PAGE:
Jude Goodwin, Canadian Poet

Jude Goodwin

She uses the personal to translate the universal.

With your dry lips

With your dry lips

With your dry lips

you say brain coral
and the poinciana
turns its branches under
red lobed and colonial,
you say tsunami and the party boats
shift in their ancient slips.
I can hear the sand
from the patio, in yellow
like your shirt, like the tea cake
houses behind you stacking
up the hillside, stiff white icing
dry as a banana leaf. You say
tree frog and the crows in Canada
stretch their wooden throats.
In the dark when you're gone
I whisper water and its whistle
climbs the stem of my glass.


 Wonderfully textured imagery, splendid sounds and subtle treatment makes this poem outstanding. The images operate as a microcosm within which familiar (albeit unexpected) objects like brain coral, when seen through the prism of dryness, morph into something quite different. I admire the way the language builds up, often in paired images and crisp enjambed lines- brain coral & poinciana; tsunami & party boats; sand & tea cake houses; tree frog & crow; and finally water & whistle. In their sounds and juxtaposed relatedness, the way each image contributes to a bigger picture (never explicitly spelt) is simply amazing. The rhythm in the closing line “whisper water and its whistle” brings the dryness closer. For what indeed could be more telling, than dry lips, wood throats and speech reduced to whisper? The whistle of water on the stem of glass, while alluding to the central fragility of human experience, tilts the poem into profoundness, leaves a lasting impression.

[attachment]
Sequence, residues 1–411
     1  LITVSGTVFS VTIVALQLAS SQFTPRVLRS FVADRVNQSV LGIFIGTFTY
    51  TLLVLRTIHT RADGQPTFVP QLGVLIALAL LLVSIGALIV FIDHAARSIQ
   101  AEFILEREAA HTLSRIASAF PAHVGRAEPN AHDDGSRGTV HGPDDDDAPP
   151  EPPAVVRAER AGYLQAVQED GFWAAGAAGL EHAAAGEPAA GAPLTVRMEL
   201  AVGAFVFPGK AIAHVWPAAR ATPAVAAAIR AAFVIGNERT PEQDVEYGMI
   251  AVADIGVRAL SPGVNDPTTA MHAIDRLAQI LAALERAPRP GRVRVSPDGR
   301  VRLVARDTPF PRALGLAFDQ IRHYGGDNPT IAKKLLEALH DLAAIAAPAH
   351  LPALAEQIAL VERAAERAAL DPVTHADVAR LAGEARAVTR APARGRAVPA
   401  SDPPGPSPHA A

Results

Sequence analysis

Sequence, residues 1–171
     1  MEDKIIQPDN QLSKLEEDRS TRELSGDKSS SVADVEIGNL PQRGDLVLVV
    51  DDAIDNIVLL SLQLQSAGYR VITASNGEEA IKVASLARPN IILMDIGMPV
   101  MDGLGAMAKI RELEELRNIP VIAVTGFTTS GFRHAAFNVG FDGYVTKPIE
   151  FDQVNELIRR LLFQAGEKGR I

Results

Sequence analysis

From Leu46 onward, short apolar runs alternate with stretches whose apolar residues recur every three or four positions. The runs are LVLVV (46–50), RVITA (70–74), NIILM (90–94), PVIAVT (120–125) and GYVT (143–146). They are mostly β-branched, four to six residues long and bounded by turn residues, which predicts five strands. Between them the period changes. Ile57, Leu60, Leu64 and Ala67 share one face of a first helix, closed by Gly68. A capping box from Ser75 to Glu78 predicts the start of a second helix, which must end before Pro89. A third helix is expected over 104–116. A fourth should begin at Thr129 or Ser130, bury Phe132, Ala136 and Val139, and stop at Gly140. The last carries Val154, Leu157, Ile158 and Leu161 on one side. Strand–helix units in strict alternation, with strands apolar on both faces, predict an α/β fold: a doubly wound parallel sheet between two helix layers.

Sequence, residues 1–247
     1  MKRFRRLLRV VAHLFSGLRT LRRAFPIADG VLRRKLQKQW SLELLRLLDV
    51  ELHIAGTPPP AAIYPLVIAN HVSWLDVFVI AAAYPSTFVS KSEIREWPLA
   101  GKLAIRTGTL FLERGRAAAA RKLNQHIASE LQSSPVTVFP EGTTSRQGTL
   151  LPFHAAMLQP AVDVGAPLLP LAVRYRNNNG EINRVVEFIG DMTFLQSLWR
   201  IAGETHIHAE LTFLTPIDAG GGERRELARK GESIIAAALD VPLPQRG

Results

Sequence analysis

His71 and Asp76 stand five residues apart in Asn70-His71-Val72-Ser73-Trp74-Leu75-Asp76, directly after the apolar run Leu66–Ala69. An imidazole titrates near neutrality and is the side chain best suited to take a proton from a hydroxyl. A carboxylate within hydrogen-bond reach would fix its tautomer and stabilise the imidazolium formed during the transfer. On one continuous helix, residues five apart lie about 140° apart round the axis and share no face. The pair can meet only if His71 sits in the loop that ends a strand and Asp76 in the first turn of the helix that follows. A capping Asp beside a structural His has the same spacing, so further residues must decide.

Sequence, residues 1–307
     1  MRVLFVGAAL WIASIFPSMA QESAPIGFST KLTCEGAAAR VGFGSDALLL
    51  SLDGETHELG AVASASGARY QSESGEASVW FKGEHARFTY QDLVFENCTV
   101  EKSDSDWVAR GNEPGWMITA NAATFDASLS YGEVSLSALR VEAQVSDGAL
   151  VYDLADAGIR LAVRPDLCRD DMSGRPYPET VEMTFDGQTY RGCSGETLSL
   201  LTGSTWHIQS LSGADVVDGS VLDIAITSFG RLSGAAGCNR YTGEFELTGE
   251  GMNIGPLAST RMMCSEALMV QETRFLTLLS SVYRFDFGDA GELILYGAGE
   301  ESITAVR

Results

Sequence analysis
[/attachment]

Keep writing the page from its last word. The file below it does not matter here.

Sachi Nag, August 2006
First Place, Crescent Moon Journal

Fishing boats on the beach

Fishing boats on the beach

Curtain Call

Curtain Call